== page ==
While at first glance, it may seem hard to differentiate a business in a well established and competitive sector, keeping an eye on consumer trends combined with creative marketing can often carve out a new profitable niche and present a tremendous growth opportunity.  Lululemon Athletica in the apparel sector and Chipotle Mexican Grill in fast food are examples of effective differentiation strategies.

Grow and Strengthen Customer Relationships
Reduce the unpredictability of project revenues by nurturing customer relationships.  If you can show that the same customers use your services several years in a row then you have an argument for revenue predictability.  If that list of customers is more than twenty then you have an argument for revenue diversity. Length of customer relationships is also a good indicator of a high quality product/service.

Focus on Execution Excellence
In a service business, it comes down to attracting and keeping the best personnel in order to deliver service excellence.  Human resources is a complex, multi-dimensional field and should include processes for recruiting, role definition and responsibility, position incentives and benefits, periodic feedback, and documentation and procedures to fill gaps in the case of unexpected departures.

Add Products and Markets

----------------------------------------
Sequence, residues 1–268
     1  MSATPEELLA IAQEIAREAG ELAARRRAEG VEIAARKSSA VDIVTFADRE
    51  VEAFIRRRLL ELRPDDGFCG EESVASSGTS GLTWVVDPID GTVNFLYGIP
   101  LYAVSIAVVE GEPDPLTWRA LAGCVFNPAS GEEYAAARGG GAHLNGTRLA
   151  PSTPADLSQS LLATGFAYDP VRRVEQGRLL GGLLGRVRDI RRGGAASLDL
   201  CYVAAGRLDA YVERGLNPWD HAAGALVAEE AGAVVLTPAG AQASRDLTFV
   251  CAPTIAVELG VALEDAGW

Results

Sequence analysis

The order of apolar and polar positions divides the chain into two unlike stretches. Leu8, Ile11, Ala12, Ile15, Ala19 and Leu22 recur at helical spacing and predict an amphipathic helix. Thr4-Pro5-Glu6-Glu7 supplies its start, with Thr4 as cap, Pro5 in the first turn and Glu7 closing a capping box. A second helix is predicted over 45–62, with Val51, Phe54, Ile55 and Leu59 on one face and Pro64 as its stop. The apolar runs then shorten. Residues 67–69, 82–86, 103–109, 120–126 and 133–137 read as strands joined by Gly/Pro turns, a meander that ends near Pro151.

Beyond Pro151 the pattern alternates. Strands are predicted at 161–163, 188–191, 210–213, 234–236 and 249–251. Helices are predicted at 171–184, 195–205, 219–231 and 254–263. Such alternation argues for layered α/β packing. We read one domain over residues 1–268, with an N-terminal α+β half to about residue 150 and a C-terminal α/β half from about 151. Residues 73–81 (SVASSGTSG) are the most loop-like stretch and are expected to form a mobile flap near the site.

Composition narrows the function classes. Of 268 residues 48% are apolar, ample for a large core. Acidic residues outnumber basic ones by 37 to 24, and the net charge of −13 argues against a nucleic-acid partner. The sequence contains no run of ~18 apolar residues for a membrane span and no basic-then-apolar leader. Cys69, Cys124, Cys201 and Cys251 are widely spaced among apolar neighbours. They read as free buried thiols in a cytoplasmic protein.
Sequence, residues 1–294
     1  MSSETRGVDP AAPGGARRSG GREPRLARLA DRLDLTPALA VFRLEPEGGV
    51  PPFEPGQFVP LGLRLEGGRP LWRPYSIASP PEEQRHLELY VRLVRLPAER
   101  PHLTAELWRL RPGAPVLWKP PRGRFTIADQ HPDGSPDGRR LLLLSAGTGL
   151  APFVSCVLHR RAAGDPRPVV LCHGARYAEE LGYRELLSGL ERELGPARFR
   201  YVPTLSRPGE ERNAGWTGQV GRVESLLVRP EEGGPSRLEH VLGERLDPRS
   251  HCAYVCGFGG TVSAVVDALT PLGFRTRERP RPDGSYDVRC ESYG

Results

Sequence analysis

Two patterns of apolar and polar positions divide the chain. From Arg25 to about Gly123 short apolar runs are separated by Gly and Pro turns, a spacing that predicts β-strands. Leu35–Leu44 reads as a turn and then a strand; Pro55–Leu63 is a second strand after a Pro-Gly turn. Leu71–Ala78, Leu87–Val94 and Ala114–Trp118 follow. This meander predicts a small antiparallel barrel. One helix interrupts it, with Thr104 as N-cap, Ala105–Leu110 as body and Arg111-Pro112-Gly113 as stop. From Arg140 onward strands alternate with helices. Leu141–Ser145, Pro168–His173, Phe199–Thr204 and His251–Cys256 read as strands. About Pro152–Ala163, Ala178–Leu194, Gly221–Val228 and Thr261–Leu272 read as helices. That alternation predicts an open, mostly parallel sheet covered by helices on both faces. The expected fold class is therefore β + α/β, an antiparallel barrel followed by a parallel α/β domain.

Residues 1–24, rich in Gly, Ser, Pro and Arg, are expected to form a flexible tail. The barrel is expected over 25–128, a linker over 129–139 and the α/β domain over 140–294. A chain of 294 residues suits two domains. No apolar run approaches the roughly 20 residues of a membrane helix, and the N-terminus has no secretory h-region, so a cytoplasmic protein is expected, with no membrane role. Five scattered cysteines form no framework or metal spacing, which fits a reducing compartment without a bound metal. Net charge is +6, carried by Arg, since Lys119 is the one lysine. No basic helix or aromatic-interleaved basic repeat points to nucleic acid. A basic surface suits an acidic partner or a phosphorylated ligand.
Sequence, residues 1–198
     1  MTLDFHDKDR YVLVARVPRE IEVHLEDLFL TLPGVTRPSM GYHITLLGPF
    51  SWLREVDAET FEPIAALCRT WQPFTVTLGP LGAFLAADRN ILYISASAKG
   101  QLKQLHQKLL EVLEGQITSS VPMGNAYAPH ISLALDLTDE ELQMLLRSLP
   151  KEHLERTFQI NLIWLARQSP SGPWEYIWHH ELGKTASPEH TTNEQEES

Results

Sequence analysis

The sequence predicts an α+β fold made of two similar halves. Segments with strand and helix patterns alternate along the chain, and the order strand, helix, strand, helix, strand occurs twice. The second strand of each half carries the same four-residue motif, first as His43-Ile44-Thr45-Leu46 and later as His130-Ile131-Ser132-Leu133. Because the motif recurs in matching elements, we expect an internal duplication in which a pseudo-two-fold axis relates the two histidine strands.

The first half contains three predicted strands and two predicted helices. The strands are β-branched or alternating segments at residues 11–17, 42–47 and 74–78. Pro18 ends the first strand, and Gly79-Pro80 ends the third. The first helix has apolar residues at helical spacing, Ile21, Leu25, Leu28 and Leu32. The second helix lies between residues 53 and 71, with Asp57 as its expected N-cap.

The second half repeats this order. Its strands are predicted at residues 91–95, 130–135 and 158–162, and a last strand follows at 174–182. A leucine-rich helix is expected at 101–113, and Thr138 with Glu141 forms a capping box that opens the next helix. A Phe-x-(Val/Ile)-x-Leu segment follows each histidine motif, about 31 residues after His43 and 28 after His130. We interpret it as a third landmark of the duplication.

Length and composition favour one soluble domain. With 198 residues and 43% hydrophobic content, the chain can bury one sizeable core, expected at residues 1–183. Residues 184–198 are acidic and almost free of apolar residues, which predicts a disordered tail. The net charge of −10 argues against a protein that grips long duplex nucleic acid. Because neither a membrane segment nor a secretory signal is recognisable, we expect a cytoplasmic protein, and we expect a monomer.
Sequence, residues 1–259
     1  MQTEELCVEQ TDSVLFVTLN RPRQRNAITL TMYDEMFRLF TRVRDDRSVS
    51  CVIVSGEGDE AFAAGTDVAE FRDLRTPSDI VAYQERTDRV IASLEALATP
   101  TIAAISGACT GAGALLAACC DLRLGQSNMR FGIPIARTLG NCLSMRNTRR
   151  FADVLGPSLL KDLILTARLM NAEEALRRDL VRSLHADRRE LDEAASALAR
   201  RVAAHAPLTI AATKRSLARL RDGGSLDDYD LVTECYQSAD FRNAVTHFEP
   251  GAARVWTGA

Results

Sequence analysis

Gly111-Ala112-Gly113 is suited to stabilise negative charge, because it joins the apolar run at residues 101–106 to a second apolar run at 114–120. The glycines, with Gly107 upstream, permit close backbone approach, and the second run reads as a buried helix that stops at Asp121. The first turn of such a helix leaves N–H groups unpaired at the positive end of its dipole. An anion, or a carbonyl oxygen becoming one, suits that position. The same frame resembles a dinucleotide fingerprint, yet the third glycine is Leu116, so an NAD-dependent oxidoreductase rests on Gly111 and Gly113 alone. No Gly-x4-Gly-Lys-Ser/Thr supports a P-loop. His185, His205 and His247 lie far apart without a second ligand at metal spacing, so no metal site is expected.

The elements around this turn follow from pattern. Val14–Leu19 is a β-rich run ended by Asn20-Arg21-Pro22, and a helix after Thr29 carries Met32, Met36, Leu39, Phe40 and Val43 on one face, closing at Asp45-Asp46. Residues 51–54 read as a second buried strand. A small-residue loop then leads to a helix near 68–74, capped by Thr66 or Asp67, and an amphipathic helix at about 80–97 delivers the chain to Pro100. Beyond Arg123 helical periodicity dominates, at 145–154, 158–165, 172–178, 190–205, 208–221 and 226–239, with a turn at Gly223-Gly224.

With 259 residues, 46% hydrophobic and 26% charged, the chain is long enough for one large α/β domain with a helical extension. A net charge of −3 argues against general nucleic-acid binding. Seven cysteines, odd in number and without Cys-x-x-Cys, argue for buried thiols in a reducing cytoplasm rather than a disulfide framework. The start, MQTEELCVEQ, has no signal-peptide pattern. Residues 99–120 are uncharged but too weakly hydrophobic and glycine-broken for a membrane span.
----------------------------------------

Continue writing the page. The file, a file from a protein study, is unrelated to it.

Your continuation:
A one product company is riskier than a product line company.  A local company is riskier than one with a multi-national presence.  While it is easy to over-extend yourself, consider managed product and geographical growth to mitigate risk.

Cultivate Multiple Supplier Relationships
Don’t let your business become “captive” to a sole supplier of component parts.  Cultivate multiple supplier relationships to reduce supplier power and dependence.

Improve Profitability
Analyze your profit margin to see where you want to drive your sales — to higher-margin areas.  A trend of improving margins as a result of operational efficiencies and returns to scale will result in a higher valuation.

Protect Intellectual Property
IP can be patented, copyrighted or treated as a trade secret.  Identify the IP in your business and make sure it is protected and properly owned.

Build Your Brand
Spend time on all of the above will build your reputation and your brand.

The following chart summarizes various characteristics that drive company value.

op risks

Operating risk should be addressed by implementing formal processes.  A business with formal processes, systems and documentation reduces the dependence on individual talent and can quickly respond to exogenous shocks.  Items such as Service Level Agreements (“SLAs”), marketing plans, job descriptions, employment contracts, confidentiality agreements, professional codes of conduct, organization charts, etc. institutionalize a business.  Documented processes are transferable value.  Capturing and transferring knowledge will make the business more sustainable and more valuable.

If potential buyers feel that a business has a high risk profile, they will either not buy it, reduce the price they are willing to pay, or make a portion of the price contingent upon the business’s future performance.